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Wednesday, May 30, 2007

(Really) Bad Ideas

The New York Pravda occasionally hits it right- especially about issues they haven't been bought out on yet. An editorial today:

The Coal Trap

Published: May 30, 2007

There is a rule for judging solutions to the twin problems of energy dependence and global warming: A policy designed to solve one problem should not make the other worse. But that is a likely outcome of the many “energy independence” bills circulating in Congress that aim to build a whole new generation of coal-to-liquid plants to convert coal into automotive fuel.

These bills have already acquired an enthusiastic constituency and will be offered as amendments to what is now a relatively simple and sound energy bill designed to increase the fuel efficiency of cars and light trucks, encourage the production of biofuels and provide research and development money for the capture and storage of carbon dioxide emissions from power plants.

There are, of course, ways to make this bill better. Senator Jeff Bingaman will offer a useful amendment to require utilities to generate a percentage of their electricity from renewable sources like wind. But there are also ways to make the bill a lot worse. One of them is to require the expenditure of billions of dollars in loans, tax incentives and price guarantees to lock in a technology that could end up doing more harm than good.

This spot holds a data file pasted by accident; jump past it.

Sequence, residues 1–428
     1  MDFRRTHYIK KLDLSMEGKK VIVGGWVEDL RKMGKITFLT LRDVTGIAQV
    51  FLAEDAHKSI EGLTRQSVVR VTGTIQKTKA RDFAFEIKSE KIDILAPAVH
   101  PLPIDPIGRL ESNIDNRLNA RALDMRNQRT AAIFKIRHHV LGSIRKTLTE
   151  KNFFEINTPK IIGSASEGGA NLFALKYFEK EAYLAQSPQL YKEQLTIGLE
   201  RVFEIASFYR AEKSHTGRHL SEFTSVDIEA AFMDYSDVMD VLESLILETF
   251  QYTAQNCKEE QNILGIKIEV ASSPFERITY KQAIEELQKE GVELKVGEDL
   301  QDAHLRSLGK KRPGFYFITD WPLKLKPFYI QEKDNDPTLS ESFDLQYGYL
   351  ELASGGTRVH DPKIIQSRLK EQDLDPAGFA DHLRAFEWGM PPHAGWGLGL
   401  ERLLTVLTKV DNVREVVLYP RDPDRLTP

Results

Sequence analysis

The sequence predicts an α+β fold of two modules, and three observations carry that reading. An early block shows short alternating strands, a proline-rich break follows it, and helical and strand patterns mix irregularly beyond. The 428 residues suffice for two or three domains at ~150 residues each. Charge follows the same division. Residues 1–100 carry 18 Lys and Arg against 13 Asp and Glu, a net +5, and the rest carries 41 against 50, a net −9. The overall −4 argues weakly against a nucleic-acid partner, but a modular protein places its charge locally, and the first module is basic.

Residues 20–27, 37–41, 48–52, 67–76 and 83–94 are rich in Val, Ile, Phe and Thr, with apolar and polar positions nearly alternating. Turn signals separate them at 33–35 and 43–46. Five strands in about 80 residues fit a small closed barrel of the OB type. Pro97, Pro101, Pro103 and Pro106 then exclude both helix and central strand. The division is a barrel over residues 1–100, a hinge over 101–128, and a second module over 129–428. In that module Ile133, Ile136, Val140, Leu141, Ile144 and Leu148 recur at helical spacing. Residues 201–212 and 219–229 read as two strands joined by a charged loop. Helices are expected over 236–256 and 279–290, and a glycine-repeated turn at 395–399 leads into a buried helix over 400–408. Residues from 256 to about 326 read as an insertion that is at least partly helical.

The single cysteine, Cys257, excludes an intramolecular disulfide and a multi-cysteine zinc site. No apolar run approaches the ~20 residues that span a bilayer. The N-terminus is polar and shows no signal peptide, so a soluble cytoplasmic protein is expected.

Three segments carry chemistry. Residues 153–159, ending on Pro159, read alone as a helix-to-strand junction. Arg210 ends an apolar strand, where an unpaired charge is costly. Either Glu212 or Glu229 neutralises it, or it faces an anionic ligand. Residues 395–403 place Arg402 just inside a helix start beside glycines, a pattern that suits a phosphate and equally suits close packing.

Coal is far and away America’s most abundant fuel. It provides more than half the country’s electricity. And there is no doubt that it could substitute for foreign oil, although how much and at what price is not clear. In addition, the technology to convert coal into liquid fuels is well established. But it is also true that between the production process and burning it in cars, coal-to-liquid fuel produces more than twice the greenhouse gas emissions as gasoline and nearly twice the emissions of ordinary diesel. These are terrible ratios...

Researchers at M.I.T. estimate that it will cost $70 billion to build enough coal-to-liquid plants to replace 10 percent of American gasoline consumption. A similar investment in biofuels like cellulosic or sugar-based ethanol — which could yield substantial reductions in greenhouse gases — would seem a lot smarter.

Given the dimensions of our energy problems, new ideas must be explored. But it makes little sense to shackle the country now to a coal-based technology of such uncertain promise.

But, guaranteed to make billions for the Congress and its owners, the energy companies.

[thanks to Nico at Think Progress for the graphic]

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